It was a concern he’d raised from time to time with Bhatia and other senior members of the management.

But he was always fobbed off with responses such as “they would look into it”.

At times, he was told that it was something that Bhatia himself was unaware of.

Gangwal always ended up giving his partner the benefit of doubt.

But sources say that his antenna was up.

What started as a small niggling issue began to bother him more and more.

The break point came in 2018 when a simulator contract that had been entered into got automatically extended for 15 years when he had been told all along that it would not be extended.

What’s more, it was done without the knowledge of the audit committee.

That’s when Gangwal snapped and what followed was the email in August last year announcing his withdrawal from the day-to-day operations of the airline.

The RPT issue was important to Gangwal even when the company was being set up.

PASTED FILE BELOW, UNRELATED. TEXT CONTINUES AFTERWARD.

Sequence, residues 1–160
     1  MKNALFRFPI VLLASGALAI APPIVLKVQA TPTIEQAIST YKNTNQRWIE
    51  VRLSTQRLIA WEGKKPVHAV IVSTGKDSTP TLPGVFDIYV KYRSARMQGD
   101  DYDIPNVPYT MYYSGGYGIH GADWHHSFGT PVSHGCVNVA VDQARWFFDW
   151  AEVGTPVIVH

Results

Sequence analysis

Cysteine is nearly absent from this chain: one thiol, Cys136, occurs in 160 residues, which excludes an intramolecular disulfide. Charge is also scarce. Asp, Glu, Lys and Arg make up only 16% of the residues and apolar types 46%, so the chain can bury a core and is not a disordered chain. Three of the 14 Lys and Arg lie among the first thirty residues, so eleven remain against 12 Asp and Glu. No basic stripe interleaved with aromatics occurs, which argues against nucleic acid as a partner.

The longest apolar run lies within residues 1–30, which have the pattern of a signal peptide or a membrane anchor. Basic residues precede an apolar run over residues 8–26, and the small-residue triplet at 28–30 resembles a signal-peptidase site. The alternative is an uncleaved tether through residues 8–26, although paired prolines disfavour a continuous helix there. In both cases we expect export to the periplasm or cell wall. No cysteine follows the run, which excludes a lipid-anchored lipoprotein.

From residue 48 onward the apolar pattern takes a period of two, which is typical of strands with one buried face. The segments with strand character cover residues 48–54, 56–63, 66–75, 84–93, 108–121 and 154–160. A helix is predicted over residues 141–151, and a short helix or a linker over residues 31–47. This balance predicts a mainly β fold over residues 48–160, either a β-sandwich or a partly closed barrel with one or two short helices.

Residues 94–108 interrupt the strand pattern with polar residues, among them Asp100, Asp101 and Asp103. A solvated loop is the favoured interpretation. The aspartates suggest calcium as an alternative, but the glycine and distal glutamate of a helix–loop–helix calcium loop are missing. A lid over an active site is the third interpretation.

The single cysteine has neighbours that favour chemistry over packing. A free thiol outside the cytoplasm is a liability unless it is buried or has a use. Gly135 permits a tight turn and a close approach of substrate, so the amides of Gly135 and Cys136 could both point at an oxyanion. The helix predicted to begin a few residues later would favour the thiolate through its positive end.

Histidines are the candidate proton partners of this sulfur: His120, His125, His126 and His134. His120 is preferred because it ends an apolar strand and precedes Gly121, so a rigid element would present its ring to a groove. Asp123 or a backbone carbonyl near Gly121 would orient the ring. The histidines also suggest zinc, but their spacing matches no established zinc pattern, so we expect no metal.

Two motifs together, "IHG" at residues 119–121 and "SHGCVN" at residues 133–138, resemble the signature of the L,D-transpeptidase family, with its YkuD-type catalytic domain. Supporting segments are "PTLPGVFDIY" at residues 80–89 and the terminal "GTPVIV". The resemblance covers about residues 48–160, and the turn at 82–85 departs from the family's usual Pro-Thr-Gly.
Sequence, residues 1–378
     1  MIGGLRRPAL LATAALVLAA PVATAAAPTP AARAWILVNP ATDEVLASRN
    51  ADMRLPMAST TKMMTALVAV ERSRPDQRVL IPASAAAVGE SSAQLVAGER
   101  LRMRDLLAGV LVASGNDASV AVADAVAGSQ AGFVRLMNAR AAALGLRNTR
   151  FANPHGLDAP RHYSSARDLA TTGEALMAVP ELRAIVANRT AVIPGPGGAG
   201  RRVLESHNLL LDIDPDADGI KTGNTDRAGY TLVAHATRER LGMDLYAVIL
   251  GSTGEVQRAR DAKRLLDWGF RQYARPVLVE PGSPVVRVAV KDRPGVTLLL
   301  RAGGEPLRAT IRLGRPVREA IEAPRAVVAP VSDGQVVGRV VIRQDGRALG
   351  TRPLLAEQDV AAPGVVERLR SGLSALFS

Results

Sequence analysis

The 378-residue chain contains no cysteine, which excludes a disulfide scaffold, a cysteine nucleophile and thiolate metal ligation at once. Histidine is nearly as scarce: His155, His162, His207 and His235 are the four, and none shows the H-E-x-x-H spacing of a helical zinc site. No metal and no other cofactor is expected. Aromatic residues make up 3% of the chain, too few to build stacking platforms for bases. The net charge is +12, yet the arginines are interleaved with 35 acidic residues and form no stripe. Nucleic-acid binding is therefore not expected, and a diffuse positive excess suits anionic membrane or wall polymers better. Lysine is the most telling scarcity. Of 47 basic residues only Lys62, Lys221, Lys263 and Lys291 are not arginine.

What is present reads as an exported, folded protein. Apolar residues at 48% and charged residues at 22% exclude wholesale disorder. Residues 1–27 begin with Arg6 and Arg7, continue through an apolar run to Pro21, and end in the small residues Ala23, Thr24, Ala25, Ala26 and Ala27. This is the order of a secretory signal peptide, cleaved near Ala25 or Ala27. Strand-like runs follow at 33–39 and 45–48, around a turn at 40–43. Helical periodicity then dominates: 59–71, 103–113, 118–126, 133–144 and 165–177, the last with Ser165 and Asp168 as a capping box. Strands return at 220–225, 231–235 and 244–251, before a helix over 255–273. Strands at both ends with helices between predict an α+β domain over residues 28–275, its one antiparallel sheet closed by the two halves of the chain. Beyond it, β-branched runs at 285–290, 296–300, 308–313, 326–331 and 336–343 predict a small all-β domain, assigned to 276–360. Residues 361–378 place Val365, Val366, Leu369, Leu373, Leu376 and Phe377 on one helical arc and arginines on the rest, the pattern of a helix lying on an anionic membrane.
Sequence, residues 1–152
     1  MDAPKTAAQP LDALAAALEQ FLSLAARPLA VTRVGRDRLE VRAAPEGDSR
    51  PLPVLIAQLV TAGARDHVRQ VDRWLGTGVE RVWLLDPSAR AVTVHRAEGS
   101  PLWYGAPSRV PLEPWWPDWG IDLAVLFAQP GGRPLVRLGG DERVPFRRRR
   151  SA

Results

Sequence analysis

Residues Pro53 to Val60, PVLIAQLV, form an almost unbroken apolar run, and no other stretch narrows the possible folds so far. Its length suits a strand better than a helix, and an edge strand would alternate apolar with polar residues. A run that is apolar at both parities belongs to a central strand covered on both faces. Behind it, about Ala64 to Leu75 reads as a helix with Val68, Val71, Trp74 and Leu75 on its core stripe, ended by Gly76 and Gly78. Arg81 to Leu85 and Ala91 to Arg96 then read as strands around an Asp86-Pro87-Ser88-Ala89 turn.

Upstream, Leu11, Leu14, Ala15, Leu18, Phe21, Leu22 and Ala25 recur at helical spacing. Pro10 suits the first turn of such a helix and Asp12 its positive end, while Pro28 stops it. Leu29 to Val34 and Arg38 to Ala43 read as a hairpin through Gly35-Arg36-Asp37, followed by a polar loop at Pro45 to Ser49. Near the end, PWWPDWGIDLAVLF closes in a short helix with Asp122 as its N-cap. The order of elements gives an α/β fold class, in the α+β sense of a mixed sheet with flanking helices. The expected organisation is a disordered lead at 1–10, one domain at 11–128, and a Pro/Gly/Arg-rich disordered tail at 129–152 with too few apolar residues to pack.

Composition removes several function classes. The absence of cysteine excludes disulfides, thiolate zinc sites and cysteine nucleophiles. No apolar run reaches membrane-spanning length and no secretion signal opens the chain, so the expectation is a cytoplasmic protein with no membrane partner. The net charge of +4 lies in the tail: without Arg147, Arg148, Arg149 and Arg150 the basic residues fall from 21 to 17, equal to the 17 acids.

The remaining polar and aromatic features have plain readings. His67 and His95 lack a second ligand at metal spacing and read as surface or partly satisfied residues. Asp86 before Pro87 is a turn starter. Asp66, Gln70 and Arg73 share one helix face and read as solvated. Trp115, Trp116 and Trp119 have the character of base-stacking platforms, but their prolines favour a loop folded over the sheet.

His lawyers had told him that the shareholder’s agreement that gave Bhatia almost all control was absurd, and had also warned him that Indian promoters had a predilection for entering into RPTs that enriched their other companies.

As a result, Gangwal had two clauses inserted into the company's code of conduct.

One, the company would not enter into RPTs unless unavoidable, and two, all RPTs would be entered into with complete disclosure to the full board.

Sources close to Gangwal say the RPT issue is not one about money. He found the process followed for signing RPTs was in violation of the code of conduct of the company.

In the past, IndiGo has entered into RPTs without signing, and backdated, cancelled or not renewed them on a whim, and also entered or exited them without disclosure to the audit committee.

Often, the board, too, was unaware of the RPTs.

Other than RPTs, Gangwal has also raised questions about Bhatia staying away from a board meeting to prevent a quorum, executing a last minute surprise with a legal opinion and blocking a requisitioned shareholder meeting.

The May 28 meeting

While the relationship between the two partners had deteriorated since August 2018, one last attempt at reconciliation was made at a meeting held in the offices of Bhatia’s lawyer on May 28 this year.